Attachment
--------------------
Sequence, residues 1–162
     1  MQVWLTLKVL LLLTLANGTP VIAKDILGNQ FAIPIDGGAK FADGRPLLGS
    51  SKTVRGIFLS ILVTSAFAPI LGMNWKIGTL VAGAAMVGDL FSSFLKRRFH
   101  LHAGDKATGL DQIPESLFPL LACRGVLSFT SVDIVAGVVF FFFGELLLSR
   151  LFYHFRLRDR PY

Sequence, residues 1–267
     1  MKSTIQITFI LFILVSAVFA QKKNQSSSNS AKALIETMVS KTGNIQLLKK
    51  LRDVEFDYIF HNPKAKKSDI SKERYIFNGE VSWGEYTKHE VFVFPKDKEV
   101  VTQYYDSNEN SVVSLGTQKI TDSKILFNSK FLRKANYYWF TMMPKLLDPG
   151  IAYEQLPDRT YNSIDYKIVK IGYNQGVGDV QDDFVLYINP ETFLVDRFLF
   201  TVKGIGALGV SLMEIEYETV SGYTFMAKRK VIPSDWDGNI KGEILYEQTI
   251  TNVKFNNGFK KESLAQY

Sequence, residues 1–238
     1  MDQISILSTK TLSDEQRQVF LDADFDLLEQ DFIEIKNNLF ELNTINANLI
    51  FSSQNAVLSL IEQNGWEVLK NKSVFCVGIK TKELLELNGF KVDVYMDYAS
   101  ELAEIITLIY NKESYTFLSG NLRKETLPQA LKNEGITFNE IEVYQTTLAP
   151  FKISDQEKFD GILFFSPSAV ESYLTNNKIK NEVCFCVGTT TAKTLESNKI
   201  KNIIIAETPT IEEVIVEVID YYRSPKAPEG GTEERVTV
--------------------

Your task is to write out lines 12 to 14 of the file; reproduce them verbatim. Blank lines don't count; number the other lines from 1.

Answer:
   251  TNVKFNNGFK KESLAQY

Sequence, residues 1–238
     1  MDQISILSTK TLSDEQRQVF LDADFDLLEQ DFIEIKNNLF ELNTINANLI